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Various Artists — Reimagining the Court of the Crimson King
(Cleopatra CLO5255, 2024, CD / LP / DL)

by Jon Davis, Published 2024-06-12

Reimagining the Court of the Crimson King Cover art

Cleopatra Records seems to be on a quest to “reimagine” every classic album as a compilation with various combinations of well-known musicians doing each tune on the original. I’ve already written about two Pink Floyd albums which have received the treatment: Meddle and Animals. They also did Abbey Road, but the less said about that the better. At hand is the first go at King Crimson, presenting the influential debut album in full supplemented by two alternate versions of “21st Century Schizoid Man.” There’s probably no way to talk about an album like this one in general terms, so we’ll go track by track. “Schizoid Man” features Todd Rundgren (vocals), Arthur Brown (vocals), Mel Collins (sax), Chris Poland (guitar), Ian Paice (drums), and Jurgen Engler (guitar, bass, keyboards). This is a spirited rendition, and Brown’s vocals are suitably demented even without distortion, while Rundgren opts for the traditional fuzz tone on his. It’s the middle instrumental section where I’m a bit less enamored of the interpretation. It lacks the edginess of the original, mainly in the drums and bass; Poland’s guitar is slicker than Fripp, and Collins’ sax is comparatively tame. (It’s also not the same version that appeared on the Emerson and Lake tribute album in 2020, which is included as one of the bonus tracks here.) “I Talk to the Wind” is quite lovely, with Collins on multiple flute parts, along with Django Jakszyk (bass) and Jakko Jakszyk (guitar, keyboards, vocals) — there’s no credit for drums, so maybe Jakko programmed them. The flute solo is beautiful, and although nothing can replace the original version, this is a worthy recording. “Epitaph” is done by members of Pink Fairies and Hawkestrel, including Alan Davey (bass, Mellotron, organ), Paul Rudolph (guitar), Adam Hamilton (drums), Nik Turner (flute), and Danny Faulkner (vocals). This is a respectable effort on a classic track. It is with “Moonchild” that we have something fairly different. The musicians are Jah Wobble (bass), Chester Thompson (drums), Marty Friedman (guitar), and Joe Lynn Turner (vocals), with Jürgen Engler providing additional guitar, bass, and keyboards. The middle section takes a very jazzy turn, with Friedman’s guitar sounding very un-Fripp-like. The album proper (and the vinyl edition) finishes off with a rather short — just under six minutes — version of the title track performed by Carmine Appice (drums), Steve Hillage (guitar), and James LaBrie (vocals) with Engler again filling in other parts. This is also a solid rendition. The bonus tracks are two different versions of “21st Century Schizoid Man,” the first of which already appeared on a Keith Emerson and Greg Lake tribute album; the second seems to be identical to Track 1 but without any vocals. While this album as a whole is pretty enjoyable, nothing of real note is added or changed, so the main audience is likely fans of the participants rather than pure Crimson fans.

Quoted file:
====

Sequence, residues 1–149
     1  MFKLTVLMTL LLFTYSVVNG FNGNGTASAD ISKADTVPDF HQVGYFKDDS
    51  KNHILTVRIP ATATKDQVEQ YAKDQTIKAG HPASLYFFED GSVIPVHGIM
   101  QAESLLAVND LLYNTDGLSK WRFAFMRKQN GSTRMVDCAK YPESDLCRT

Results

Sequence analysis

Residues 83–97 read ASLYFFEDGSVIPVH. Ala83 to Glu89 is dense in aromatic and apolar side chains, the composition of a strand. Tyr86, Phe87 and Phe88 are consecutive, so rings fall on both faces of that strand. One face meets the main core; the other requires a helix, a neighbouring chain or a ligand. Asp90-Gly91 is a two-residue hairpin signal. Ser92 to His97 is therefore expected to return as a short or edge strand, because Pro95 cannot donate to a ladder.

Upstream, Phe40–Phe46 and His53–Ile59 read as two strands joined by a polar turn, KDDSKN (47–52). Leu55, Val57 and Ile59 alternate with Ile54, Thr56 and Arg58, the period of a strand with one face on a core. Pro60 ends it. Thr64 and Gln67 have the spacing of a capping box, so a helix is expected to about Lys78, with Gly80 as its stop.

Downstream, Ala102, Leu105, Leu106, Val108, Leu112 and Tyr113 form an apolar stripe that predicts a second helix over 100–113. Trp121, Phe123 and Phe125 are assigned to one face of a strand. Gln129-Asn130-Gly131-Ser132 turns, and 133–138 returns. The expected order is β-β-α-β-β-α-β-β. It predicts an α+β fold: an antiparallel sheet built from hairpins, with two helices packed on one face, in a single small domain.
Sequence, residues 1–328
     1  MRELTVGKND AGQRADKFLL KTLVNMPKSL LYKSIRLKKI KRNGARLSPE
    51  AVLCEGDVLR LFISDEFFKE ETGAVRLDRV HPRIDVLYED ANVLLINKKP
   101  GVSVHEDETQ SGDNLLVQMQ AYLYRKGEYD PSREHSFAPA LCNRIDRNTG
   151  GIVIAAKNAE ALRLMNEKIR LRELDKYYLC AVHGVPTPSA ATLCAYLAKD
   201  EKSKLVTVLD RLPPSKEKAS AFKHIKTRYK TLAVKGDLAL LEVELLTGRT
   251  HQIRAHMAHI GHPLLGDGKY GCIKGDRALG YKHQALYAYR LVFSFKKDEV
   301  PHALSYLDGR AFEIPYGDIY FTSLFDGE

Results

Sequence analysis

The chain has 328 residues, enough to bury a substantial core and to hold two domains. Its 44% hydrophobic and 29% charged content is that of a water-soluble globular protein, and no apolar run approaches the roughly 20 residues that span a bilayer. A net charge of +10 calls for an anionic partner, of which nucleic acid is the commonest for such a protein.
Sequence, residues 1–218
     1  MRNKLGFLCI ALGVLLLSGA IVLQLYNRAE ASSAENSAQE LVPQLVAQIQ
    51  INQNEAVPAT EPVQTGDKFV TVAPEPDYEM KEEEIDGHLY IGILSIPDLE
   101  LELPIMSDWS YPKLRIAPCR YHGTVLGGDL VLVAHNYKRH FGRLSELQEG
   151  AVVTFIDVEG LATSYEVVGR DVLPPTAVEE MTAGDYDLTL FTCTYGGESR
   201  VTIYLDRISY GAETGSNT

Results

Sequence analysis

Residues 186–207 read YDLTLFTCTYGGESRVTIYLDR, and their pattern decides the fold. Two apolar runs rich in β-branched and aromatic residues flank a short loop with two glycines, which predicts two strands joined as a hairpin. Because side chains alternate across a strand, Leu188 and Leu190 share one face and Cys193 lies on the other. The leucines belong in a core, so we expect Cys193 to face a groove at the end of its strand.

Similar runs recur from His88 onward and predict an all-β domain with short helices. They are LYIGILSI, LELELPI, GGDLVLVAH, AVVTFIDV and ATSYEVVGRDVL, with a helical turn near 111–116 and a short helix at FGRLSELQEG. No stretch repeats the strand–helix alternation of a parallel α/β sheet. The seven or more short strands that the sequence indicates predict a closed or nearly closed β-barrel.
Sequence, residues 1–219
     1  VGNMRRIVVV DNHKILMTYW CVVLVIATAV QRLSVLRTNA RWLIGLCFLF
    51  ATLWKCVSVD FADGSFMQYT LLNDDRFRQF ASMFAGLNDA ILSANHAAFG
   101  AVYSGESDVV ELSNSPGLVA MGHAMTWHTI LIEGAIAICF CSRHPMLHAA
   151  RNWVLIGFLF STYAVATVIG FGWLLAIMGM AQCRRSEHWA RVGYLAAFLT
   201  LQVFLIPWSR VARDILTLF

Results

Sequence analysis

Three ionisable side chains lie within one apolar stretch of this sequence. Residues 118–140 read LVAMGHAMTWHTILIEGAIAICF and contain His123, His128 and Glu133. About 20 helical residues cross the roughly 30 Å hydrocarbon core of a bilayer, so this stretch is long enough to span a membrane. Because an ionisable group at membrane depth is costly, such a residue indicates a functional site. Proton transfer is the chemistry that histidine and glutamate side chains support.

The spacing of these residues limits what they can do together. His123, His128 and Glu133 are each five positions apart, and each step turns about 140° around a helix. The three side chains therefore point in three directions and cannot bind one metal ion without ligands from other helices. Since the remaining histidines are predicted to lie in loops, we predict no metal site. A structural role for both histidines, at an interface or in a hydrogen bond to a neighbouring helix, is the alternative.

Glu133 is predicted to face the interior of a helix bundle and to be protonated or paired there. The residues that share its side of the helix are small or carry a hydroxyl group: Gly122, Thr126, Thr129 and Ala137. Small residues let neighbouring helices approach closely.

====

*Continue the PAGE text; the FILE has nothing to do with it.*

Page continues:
Filed under: New releases, 2024 releases

Related artist(s): Robert Fripp, Jakko Jakszyk, King Crimson, Nik Turner, Mel Collins, Ian McDonald, Todd Rundgren, Steve Hillage / System 7, Arthur Brown, Greg Lake, Various Artists, Brian Auger / Oblivion Express / Trinity, Alan Davey / Hawkestrel, Jah Wobble, Chester Thompson, Carmine Appice

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